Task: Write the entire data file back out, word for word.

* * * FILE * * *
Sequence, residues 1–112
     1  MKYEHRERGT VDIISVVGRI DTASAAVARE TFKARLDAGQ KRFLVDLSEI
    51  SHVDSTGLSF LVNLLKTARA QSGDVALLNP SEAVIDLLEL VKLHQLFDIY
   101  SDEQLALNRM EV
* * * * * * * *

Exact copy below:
Sequence, residues 1–112
     1  MKYEHRERGT VDIISVVGRI DTASAAVARE TFKARLDAGQ KRFLVDLSEI
    51  SHVDSTGLSF LVNLLKTARA QSGDVALLNP SEAVIDLLEL VKLHQLFDIY
   101  SDEQLALNRM EV